Which performance to enhance?
Smart drugs can also be of great help to people who work long shifts, and to those who have to maintain high levels of performance under stressful conditions. The U.S. military, for example, uses modafinil to combat fatigue among its troops—soldiers are given the drug to help them stay awake and alert during missions. And earlier this year, Sahakian and her colleagues reported that the drug also improves higher cognitive functions in fatigued doctors.
Sahakian also described work carried out by her group that shows that smart drugs can also improve cognitive functions in people with various neuropsychiatric disorders such as Alzheimer’s disease, ADHD, depression, and schizophrenia, many of which usually involve problems with processes such as attention, learning, memory, and reward and motivation.
Last year, Sahakian and her colleagues published evidence that modafinil significantly improves the recognition of sad facial expressions in patients with a first episode of psychosis and could therefore enhance their social functioning.
“If we can pick up on these problems early on, there may be a possibility to help protect patients’ cognitive abilities,” said Sahakian. “We could ensure that they’re treated effectively, both with anti-psychotic medication and also with add-on cognitive enhancing medication.”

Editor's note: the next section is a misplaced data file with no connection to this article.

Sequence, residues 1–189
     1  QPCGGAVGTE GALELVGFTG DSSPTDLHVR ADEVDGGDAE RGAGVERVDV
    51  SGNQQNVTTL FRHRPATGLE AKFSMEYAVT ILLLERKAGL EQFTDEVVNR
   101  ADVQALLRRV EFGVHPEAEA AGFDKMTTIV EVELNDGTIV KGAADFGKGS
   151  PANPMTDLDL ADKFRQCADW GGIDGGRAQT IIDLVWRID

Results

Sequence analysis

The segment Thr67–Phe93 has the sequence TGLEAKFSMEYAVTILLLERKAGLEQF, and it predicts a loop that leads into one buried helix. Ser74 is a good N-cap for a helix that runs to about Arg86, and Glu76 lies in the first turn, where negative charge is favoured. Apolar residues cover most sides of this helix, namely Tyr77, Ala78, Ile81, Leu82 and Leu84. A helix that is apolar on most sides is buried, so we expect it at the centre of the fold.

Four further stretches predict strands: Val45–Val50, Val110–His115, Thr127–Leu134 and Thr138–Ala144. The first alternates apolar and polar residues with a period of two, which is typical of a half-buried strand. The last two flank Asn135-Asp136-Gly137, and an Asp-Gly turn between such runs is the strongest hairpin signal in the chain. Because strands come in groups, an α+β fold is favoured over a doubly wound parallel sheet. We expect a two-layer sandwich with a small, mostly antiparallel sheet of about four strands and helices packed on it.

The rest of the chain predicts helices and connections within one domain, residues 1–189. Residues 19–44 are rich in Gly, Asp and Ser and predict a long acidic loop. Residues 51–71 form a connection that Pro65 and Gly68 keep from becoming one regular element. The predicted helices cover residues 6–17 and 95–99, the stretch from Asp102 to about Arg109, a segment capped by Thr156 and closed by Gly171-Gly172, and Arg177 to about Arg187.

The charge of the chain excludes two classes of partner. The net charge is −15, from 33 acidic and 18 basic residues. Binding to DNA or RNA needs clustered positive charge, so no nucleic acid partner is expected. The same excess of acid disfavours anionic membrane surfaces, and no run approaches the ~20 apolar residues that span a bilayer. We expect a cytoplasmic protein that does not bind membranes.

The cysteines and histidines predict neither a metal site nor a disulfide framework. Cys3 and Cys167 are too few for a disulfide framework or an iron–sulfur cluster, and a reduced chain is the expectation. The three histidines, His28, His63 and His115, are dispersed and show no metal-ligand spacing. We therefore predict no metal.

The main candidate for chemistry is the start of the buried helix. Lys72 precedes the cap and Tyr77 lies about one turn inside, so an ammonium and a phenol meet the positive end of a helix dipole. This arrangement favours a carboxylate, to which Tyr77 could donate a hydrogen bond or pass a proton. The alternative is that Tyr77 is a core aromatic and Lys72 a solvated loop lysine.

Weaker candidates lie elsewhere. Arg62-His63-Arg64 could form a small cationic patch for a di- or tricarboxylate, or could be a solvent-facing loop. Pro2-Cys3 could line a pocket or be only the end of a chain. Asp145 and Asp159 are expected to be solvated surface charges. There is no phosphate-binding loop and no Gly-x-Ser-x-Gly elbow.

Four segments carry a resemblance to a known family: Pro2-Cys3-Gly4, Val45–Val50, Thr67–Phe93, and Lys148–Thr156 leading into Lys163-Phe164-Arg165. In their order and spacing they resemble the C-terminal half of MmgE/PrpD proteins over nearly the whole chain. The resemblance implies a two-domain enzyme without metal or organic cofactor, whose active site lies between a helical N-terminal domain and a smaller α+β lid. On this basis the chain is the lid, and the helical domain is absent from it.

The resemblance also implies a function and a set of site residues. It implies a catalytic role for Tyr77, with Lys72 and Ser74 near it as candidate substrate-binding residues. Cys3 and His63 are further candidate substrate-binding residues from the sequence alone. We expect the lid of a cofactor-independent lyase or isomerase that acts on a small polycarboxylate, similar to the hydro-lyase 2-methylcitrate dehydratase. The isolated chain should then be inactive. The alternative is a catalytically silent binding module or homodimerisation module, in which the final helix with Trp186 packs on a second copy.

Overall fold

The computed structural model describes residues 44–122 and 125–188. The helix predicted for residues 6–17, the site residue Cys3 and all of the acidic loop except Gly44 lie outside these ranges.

Despite these benefits, the use of smart drugs, particularly by healthy people, raises a number of concerns, not least of which is the lack of regulation.
“Modafinil is available online without a prescription and this is of great concern,” said Sahakian. “This is a very dangerous way of getting drugs, because you don’t really know what you’re getting, and I’ve been trying to find out what can be done by the government about this problem.”
Sahakian also pointed out that the side effects of long-term use of these compounds are still unknown. Of particular concern is the use of smart drugs among people aged 18–25. According to the surveys, non-medical use of smart drugs is highest in this age group. Recent research shows that the brain continues to mature until the late twenties and beyond. Yet no one knows the consequences of long-term use of stimulants on the developing brain.
Another concern is that people could be coerced into using smart drugs. People who could enhance their cognitive function by using these drugs could gain an unfair advantage over others, pressuring those who may not want to use the drugs into doing so to keep up. The use of smart drugs could also increase social inequalities rather than reduce them, because not everyone can afford them.
“Pharmacological enhancement is one possible solution to improving society,” said Sahakian, “but we would not want to preclude other solutions such as extra help in the classroom, life-long learning, and exercise.”
“If we all work together to discuss the consequences of cognitive enhancement, we can go a long way to ensure these technological advances are put to maximal benefit with minimal harm.”